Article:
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Using Apache .htaccess file to remove Query Strings

Remove Query Strings

So today’s post is a little bit more technical than usual. But I’m sure that some of our technical readers will get a lot of value out of it.

In the world of SEO everybody is trying to move ahead, gain an advantage. Because of this fact, sometimes some webmasters are willing to take positions that are unethical. Sometimes they manipulate their own websites to get an advantage. However, sometimes they manipulate other people’s websites to take advantage as well.

One of this manipulation techniques is done through the query strings of your website. Let me explain:

If your website uses a content management system, it relies on query strings to search for the appropriate pages to serve. And sometimes because of the configuration of your server this can be exploited.

In this case the exploitation happens in the following manner:
1. The spammer creates a link to a non-existent page on your website of the form:
2. The spammer hopes that your CMS is configured in such a way that when Google visits this URL it takes the spider to the spammers website with a 301 redirect.
3. The benefit being that you are passing link juice or link value to the spammers website.

How do we prevent this from happening?

Well, if you are you are using an IIS server, the solution might be a little bit more complex to find. However I am going to explain the solution in an Apache server. The techniques explained here shouldn’t be used by beginners, anything that you do with your htaccess file can render your website unavailable. Also I always recommend making a backup of all the available files before starting.

First open your .htaccess file in your home directory. Then, add the following lines to it:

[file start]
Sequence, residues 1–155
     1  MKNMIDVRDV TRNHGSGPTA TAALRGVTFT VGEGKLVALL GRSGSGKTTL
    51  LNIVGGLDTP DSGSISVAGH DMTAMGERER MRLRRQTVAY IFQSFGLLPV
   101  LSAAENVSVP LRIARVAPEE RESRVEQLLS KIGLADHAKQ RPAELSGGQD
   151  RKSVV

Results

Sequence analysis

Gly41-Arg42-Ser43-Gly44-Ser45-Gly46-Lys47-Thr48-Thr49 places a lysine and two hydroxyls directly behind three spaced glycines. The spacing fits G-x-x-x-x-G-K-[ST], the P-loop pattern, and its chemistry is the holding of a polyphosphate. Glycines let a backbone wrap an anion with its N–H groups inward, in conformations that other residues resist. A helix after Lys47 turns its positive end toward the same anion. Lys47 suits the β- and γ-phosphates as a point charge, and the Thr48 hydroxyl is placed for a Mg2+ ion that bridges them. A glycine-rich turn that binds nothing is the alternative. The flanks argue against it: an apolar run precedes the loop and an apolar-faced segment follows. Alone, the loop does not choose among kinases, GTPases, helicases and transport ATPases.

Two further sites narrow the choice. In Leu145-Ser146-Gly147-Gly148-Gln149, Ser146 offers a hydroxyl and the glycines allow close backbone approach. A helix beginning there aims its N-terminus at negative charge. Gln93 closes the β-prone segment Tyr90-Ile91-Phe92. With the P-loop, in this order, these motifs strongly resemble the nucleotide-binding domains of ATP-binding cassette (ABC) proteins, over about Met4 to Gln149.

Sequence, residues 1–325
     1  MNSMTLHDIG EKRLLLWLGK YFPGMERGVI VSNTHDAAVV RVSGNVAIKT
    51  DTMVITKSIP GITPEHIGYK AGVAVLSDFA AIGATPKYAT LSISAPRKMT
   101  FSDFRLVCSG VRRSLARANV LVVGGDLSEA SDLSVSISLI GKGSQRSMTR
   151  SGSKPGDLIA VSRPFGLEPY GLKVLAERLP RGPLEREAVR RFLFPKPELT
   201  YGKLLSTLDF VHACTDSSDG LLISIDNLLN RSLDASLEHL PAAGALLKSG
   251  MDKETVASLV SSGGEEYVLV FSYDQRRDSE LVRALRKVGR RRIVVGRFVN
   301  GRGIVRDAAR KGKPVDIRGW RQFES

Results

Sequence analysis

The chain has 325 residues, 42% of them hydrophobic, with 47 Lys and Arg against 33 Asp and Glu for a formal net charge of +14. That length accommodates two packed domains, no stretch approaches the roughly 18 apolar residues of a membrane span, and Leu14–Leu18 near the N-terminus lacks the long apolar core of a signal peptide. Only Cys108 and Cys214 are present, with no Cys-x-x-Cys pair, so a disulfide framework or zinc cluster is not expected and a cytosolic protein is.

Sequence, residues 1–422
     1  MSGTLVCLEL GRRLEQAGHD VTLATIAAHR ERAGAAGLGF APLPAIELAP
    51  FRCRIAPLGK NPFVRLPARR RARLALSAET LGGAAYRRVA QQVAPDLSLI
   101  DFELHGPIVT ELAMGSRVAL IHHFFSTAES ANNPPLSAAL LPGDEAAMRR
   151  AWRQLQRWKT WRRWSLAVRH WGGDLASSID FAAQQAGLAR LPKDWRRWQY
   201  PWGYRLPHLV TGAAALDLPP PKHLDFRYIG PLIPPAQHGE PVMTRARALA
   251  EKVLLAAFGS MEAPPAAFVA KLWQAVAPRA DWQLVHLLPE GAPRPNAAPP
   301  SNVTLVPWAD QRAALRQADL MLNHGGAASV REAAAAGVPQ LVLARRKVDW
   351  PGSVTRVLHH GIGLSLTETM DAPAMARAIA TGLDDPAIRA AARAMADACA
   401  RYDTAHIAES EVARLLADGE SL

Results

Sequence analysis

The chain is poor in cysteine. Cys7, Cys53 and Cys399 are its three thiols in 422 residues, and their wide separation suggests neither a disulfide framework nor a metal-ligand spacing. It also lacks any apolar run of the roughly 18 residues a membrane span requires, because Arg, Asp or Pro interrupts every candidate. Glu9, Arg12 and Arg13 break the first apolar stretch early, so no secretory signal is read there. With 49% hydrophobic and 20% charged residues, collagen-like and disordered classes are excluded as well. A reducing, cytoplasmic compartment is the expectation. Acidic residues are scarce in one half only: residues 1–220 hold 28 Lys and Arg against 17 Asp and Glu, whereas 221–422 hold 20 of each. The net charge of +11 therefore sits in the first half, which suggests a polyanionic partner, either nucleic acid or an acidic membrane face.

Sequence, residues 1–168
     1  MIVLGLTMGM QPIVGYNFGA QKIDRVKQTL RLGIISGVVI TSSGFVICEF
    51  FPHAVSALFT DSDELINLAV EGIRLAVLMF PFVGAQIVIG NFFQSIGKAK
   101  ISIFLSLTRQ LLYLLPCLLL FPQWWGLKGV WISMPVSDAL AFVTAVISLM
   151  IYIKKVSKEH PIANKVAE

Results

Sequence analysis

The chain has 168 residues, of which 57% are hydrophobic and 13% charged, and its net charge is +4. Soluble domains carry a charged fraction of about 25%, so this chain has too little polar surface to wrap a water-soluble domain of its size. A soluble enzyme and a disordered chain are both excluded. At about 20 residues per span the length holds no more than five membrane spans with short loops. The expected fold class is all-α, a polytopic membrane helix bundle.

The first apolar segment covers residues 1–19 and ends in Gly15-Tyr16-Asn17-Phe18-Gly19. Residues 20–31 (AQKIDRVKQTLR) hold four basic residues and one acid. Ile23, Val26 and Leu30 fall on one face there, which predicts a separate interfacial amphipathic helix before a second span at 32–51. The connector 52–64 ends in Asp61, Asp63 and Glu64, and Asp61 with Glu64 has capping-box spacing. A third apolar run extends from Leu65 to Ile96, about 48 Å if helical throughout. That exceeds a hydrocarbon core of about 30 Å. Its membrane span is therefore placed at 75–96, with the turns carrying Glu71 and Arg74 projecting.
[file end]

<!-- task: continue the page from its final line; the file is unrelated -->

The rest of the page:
RewriteCond %{QUERY_STRING} referrer=
RewriteRule (.*)$1? [R=301,L]

The first line is the qualification line. And basically what he means is if the query string of the request matches the keyword “referrer”, Then go ahead and apply the Rewrite Rule.

In other words, if the request includes a query string with the string “referrer” then it matches the condition for applying a the rewrite.

The second line is of course the description of the rewrite rule. It starts with the keyword RewriteRule. Then it has a space. The first parameter is two parentheses with the dot and an asterisk inside.

The dot in regular expressions means match zero or any character. The * means match the previous match as many times as needed (in this case the dot). In other words what that means is match any characters as needed. In this particular example what that’s going to do is to match completely the request.

After that we have another space. And the second parameter is the results of your rewrite. In this case:$1? 

The part is going to redirect to your domain name, and then add a specific part as the request: /$1 – The dollar sign followed by the number one acts as a placeholder for the matched regular expression in the parenthesis. For example, if our request was /this-and-that?, then the $1 would match all the request: /this-and-that.

The $1 means the matching that we did in the first parameter – because we encapsulated it with parentheses. The question mark(?)eliminates any query strings.

The final parameter is the set of flags for this rewrite rule. The first flag means rewrite with a code of 301 which means the permanent rewrite. The second flag is an “L”, which means this is the last rule that we want to apply.

And that’s it.

Of course in this case we are only approaching that referrer query string, so make sure to keep an eye on your log files to always identify what are the spammers trying to use as your query strings.

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